Gov. Bill Haslam's annual budget proposal seeks to boost public education performance in Tennessee with a little help from private schools.
In his State of the State address, the Governor said Tennessee is literally putting its money where its mouth is.
But his idea of scholarships for some students to private schools is running into resistance.
There are five schools in Hamilton county that could be affected if Governor Bill Haslam's proposed voucher program is adopted.
The idea is to issue limited vouchers to impoverished students is low-performing schools that could be used at private schools in the county.
GOV. BILL HASLAM, (R) TENNESSEE "If we can help out lowest income students in our lowest performing schools..why wouldn't we? "
The voucher program would be capped at 5-thousand students this year---expanding to 20-thousand in two years.
But it has some educators scratching their heads.
LaFrederick Thurkill is principal of one of the low performing schools..Orchard Knob Elementary.
LAFREDERICK THIRKILL, PRINCIPAL, ORCHARD KNOB ELEMENTARY "There's tons of research out there that shows that charter and private schools students do not out perform public school kids."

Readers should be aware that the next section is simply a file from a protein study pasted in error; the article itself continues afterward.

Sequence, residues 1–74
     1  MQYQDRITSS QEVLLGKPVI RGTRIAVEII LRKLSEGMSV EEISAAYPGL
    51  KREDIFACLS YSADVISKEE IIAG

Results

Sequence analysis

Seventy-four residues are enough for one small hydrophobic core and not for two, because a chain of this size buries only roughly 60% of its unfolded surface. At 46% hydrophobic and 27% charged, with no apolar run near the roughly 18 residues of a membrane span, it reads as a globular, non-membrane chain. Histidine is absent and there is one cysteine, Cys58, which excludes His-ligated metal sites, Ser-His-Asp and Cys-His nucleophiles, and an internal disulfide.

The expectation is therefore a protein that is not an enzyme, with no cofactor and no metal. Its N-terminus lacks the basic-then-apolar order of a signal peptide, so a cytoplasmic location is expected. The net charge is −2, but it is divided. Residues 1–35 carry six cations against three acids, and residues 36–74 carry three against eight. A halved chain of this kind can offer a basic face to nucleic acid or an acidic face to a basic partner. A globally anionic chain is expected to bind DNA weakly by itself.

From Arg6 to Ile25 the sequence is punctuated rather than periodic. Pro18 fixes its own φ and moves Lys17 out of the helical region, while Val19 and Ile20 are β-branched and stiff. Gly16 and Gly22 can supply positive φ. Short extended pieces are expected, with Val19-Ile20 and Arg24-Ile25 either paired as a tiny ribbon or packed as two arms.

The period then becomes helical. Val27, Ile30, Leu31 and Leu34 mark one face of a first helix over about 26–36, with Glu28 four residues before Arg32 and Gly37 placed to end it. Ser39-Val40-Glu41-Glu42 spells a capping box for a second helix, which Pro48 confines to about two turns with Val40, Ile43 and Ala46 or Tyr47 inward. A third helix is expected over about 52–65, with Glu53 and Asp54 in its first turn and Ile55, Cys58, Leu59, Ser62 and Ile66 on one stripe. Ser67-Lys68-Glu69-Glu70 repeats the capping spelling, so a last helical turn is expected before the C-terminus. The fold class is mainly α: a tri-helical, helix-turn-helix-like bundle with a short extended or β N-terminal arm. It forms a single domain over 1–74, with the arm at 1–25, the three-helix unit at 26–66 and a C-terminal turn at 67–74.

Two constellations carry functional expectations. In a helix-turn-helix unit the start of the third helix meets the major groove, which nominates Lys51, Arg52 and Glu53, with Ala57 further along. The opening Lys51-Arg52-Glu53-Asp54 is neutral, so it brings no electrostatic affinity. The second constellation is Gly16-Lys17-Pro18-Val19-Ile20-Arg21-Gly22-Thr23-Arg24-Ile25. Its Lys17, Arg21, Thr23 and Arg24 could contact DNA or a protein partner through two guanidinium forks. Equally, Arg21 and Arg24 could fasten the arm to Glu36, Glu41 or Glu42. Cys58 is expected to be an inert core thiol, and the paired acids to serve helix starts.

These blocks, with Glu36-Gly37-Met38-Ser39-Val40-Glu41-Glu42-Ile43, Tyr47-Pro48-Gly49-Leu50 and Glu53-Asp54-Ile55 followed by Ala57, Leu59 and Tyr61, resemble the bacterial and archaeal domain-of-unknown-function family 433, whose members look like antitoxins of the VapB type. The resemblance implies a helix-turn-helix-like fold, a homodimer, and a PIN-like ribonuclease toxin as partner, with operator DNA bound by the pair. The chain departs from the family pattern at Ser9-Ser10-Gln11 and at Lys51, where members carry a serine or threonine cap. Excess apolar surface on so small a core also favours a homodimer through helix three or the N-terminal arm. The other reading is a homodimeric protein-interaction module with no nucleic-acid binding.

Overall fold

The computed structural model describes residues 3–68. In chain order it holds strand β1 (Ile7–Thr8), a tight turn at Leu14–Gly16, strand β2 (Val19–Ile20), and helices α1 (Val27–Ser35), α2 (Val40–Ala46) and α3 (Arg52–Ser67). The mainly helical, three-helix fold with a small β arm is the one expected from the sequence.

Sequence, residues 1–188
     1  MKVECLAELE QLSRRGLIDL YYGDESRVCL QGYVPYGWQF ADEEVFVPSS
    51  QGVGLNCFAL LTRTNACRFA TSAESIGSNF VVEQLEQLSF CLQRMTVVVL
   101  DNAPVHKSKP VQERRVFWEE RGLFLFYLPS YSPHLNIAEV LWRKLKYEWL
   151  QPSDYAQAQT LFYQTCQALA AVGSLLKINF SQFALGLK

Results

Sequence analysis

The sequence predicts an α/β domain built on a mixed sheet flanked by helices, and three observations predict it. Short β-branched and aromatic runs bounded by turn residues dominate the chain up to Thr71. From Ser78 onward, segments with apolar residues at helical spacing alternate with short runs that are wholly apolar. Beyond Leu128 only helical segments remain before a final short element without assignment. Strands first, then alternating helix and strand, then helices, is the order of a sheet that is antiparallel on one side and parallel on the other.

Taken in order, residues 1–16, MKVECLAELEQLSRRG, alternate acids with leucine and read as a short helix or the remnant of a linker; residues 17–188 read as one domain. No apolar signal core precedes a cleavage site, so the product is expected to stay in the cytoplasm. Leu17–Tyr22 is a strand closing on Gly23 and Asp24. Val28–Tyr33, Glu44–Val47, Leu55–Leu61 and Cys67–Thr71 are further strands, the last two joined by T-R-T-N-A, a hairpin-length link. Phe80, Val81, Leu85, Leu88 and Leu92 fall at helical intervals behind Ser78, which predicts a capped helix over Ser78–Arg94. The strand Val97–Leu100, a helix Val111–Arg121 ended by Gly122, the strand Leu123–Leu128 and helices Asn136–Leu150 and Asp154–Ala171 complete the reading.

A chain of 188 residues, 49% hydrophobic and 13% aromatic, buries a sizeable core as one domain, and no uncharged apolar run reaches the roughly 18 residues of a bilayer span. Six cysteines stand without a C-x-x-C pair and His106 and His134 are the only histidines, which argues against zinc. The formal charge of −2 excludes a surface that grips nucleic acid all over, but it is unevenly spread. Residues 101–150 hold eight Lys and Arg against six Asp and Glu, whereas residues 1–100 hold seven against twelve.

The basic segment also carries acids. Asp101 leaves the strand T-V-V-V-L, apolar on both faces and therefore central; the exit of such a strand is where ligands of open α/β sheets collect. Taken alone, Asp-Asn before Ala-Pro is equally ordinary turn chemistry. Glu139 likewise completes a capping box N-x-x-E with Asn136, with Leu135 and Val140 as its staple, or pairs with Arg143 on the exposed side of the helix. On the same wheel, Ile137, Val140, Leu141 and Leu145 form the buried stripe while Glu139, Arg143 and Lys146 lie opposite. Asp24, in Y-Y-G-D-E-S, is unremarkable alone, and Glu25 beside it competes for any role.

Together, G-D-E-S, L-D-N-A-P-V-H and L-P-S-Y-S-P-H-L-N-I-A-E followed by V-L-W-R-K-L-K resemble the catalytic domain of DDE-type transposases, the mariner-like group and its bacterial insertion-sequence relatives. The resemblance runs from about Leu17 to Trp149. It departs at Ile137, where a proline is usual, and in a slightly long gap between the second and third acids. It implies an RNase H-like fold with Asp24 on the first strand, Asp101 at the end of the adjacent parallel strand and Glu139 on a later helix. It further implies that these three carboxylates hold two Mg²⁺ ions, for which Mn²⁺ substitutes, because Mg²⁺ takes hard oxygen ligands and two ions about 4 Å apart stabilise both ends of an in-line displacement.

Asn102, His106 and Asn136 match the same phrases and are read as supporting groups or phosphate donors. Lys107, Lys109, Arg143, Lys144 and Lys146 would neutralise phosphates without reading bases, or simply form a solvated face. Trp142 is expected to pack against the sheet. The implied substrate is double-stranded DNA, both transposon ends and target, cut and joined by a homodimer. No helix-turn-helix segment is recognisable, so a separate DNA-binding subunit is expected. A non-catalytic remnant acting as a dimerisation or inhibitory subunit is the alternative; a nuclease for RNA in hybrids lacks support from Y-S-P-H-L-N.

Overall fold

The Hamilton county education association has been studying the proposal also.
SANDY HUGHES, PRESIDENT, HAMILTON CO. EDUCATION ASSOCIATION "The number one problem is its taking public dollars to pay a private institution when that money was earmarked originally for public education ..public education ..Its for the general good of the entire citizenry."
Some state lawmakers have already predicted such a program would fail and lead to even lower scores at troubled schools.
LAFREDERICK THIRKILL "We just want to make sure we get the same support that is given to charter schools and private schools to insure our students are receiving the best that they can..a high quality education ."
The governor maintains there are 83 low-performing schools across the state that would benefit from that 38-million dollar program.
Hamilton county has 5 of them.
The private school voucher proposal is similar in some ways to the No Child Left Behind Program which was unpopular with many educators.